Flint Water Crisis: A closer look at Legionnaires' Disease

A new health concern is now linked to the Flint water crisis. Gov. Snyder announced this week that 10 people have died from Legionnaires' Disease in the Flint area. It is still unclear, though, if the contaminated water is the cause but we do know 87 cases of Legionnaires' Disease have been reported since the city switched to the Flint River as a source in 2014.

Normally, around 10 cases a year are reported.

Legionnaires' Disease is an airborne bacterial infection that can cause pneumonia. It is not caused by drinking the water, but rather is contracted from breathing in the mist or vapor of the infected water. That's how the bacteria can get in your lungs, which can lead to pneumonia.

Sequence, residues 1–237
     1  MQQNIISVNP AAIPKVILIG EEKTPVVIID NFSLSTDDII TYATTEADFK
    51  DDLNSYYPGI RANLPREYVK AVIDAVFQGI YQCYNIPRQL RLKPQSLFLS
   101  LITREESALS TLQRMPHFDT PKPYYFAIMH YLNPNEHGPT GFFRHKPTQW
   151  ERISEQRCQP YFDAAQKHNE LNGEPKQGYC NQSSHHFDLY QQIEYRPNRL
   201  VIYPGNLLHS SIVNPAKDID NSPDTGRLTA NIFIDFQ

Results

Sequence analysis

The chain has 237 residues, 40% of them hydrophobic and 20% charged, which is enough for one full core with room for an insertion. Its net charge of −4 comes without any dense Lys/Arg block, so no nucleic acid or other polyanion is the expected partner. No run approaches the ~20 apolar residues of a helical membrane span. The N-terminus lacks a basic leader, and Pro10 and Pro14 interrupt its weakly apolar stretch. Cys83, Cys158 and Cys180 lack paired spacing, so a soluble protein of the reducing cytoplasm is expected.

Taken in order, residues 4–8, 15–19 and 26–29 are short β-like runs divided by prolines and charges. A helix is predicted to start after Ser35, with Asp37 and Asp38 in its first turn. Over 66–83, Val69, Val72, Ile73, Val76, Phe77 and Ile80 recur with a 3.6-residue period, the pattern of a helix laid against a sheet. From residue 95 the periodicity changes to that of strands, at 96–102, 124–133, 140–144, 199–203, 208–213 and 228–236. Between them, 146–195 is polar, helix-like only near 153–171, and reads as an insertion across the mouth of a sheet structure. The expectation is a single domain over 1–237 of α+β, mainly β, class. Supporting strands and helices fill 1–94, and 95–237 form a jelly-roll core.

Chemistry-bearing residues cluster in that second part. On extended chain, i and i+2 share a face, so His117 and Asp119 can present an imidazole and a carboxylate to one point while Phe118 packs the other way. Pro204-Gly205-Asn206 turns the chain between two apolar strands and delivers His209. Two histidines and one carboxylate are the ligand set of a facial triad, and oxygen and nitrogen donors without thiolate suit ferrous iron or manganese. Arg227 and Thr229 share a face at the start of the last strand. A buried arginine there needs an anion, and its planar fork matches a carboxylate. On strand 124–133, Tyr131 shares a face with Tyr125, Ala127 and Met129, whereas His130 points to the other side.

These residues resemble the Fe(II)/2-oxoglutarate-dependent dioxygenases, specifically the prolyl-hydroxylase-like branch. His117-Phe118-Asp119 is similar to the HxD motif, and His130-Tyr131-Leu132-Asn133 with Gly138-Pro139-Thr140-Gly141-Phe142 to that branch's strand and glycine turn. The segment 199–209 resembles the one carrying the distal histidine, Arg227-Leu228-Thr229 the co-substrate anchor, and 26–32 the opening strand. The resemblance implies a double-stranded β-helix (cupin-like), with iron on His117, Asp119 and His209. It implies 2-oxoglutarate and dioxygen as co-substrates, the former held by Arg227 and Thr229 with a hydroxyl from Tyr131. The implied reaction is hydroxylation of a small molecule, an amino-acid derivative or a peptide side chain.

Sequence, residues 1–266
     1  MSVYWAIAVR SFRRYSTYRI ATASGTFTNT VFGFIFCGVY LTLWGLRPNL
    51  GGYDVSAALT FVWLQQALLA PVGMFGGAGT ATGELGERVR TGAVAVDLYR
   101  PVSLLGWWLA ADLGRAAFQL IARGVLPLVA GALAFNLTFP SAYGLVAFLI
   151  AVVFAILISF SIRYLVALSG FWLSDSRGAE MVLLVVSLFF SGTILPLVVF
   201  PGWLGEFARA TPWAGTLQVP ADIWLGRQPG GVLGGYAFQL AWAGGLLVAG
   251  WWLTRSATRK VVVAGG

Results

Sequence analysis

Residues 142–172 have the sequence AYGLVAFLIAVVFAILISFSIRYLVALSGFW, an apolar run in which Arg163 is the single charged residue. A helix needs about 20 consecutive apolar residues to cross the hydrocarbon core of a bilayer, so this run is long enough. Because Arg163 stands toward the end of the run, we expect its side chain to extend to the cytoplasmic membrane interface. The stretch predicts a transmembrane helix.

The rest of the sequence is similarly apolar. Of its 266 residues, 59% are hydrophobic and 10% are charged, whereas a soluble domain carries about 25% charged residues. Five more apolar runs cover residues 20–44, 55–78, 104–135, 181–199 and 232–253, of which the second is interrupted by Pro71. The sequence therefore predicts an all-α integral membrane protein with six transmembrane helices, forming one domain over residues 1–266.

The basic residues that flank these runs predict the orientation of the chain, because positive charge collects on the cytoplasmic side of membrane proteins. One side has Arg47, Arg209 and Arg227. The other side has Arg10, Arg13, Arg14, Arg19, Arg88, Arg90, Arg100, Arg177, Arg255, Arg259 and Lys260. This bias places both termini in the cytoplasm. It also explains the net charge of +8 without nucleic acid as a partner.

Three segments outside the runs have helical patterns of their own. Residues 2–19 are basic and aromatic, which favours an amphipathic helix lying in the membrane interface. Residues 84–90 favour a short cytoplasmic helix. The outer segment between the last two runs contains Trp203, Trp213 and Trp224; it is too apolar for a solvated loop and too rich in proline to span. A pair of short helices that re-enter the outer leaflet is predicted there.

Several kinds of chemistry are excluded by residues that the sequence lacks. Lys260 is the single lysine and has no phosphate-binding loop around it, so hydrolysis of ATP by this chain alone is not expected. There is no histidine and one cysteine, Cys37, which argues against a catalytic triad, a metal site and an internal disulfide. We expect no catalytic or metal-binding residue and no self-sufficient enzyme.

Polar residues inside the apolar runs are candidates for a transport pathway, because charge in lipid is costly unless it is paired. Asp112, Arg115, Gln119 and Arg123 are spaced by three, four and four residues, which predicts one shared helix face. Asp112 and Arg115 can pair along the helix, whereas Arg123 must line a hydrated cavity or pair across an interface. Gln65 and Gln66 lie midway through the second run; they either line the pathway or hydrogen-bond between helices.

Those who are at risk include older adults, smokers and those with weak immune system. It is possible to recover from the disease.

Taking a closer look at the numbers, 119 cases of Legionnaires' Disease have been reported in Genesee County since 2011. Here's how those numbers break down:

2011: 11 cases
2012: 13 cases
2013: 8 cases
2014: 45 cases
2015: 42 cases

Ten deaths were also reported over the past two years.